Home E-Weekly June 21, 2016

Red Flags for Readmission

Published: June 20, 2016

When researchers study hospital readmissions after surgery, they usually look at co-morbidities or post-op complications as some of the top reasons why patients return to the hospital within 30 days of discharge. However, a range of lifestyle factors could better predict a patient's chance of readmission, according to a study appearing in JAMA Surgery.

Researchers found that issues related to substance abuse and homelessness were responsible for a larger number of readmissions than surgical complications or deteriorating medical conditions. Additionally, they found that female patients, those with diabetes or sepsis, and those insured by Medicare or Medicaid instead of commercial payers had a higher risk.

In the study, researchers looked at 173 general surgery patients who were readmitted to the hospital within 30 days of surgery, among 2,100 total discharges. They looked at both medical complications and lifestyle factors that impacted a patient's chance at readmission. They found that the most common reason for readmission, at 17%, involved patients who had been initially admitted with soft tissue infections from injection drug use that required operative drainage, and were then readmitted with new soft tissue infections at other sites.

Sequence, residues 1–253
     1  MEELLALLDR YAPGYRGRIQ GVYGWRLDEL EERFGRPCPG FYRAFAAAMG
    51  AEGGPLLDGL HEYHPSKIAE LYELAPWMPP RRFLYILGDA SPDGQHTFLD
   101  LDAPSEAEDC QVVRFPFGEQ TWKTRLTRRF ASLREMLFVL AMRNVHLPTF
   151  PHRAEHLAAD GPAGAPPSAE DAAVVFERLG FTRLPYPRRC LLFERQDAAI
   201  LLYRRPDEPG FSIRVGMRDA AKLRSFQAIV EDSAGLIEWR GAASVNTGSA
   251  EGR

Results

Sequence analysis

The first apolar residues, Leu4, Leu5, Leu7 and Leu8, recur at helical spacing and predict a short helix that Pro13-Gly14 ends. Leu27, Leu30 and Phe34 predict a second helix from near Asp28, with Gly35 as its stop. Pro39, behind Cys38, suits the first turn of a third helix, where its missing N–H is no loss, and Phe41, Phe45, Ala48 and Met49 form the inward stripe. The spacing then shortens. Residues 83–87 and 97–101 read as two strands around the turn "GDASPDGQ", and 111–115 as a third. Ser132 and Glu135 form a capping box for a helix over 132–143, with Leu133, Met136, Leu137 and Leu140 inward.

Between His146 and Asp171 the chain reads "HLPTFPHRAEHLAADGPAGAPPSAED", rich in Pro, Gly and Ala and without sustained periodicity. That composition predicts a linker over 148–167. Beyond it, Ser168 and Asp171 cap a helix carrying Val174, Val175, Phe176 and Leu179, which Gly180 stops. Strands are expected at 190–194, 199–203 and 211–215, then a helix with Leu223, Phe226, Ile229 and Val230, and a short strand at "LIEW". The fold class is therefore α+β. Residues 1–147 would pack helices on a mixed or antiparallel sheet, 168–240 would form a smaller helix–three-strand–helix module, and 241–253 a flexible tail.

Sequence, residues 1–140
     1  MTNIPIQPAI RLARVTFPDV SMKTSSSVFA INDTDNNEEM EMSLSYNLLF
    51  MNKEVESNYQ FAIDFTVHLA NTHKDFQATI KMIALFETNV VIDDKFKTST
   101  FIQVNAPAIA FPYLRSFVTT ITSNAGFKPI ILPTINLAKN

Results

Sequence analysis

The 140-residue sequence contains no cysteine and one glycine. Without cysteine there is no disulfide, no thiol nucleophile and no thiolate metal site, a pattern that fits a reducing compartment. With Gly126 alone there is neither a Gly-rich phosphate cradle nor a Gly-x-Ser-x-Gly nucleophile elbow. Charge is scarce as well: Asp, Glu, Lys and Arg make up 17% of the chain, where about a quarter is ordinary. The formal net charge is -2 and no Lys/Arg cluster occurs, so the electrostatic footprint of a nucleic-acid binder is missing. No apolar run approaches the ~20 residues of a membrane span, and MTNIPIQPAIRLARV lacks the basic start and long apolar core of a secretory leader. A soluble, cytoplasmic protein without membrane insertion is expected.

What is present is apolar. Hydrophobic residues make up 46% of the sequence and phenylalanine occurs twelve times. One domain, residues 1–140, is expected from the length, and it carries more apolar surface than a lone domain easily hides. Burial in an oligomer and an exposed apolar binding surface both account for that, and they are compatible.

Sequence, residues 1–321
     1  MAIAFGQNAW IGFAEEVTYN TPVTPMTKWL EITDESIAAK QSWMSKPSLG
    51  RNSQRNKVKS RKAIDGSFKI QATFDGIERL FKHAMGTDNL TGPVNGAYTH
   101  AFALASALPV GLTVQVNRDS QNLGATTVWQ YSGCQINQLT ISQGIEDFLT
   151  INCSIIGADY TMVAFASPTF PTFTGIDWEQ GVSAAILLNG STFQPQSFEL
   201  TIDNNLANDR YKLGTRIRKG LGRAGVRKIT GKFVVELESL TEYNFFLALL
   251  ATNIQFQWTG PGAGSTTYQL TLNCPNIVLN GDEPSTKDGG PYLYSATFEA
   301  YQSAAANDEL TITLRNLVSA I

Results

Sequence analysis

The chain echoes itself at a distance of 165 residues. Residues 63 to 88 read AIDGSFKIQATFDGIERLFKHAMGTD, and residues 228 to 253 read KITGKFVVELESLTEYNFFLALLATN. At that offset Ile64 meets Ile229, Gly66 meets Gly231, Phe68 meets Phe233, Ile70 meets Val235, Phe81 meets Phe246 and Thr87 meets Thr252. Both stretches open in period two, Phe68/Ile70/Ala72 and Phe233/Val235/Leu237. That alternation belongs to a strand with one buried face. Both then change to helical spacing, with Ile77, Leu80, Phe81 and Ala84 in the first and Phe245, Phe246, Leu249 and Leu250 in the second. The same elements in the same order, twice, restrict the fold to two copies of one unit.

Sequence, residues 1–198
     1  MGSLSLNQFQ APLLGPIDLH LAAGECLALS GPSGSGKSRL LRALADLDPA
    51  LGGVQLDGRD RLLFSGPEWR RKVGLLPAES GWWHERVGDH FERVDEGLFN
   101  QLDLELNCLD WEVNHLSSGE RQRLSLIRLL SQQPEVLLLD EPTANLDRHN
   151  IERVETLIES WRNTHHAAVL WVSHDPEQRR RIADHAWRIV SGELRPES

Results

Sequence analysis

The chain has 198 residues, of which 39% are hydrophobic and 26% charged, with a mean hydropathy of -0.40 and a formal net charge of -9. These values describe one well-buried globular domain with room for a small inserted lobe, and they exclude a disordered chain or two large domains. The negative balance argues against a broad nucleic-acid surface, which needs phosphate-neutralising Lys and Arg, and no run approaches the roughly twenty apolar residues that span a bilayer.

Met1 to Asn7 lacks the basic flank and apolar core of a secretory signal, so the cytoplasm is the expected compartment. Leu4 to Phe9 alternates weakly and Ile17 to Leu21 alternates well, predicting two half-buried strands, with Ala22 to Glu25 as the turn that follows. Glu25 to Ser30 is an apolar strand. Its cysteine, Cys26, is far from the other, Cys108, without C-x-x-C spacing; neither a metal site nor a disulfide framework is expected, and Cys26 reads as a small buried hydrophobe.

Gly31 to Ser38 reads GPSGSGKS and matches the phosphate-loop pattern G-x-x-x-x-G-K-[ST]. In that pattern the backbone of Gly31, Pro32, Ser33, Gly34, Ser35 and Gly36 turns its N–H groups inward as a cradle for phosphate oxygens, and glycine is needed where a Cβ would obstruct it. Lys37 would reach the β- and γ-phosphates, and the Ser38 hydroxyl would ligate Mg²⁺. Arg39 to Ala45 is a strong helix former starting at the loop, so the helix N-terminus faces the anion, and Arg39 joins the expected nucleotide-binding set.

Just over 14% of the readmissions studied involved a lack of social support. These patients may have been homeless and lacked a post-discharge telephone number, or had no way to return to the facility for follow-up appointments. Both substance abusers and those lacking social support made up nearly a third of total readmissions.

"Many cases of readmissions may truly be unavoidable in our current paradigms of care because we found socially fragile populations to be at as high risk as those that are medically fragile," the authors write. "Because interventions to reduce the risk of readmission for any group of patients can be costly and labor intensive, identification of the highest risk cohort for readmission can allow more targeted intervention for this population of socially vulnerable patients."

Kendal Gapinski

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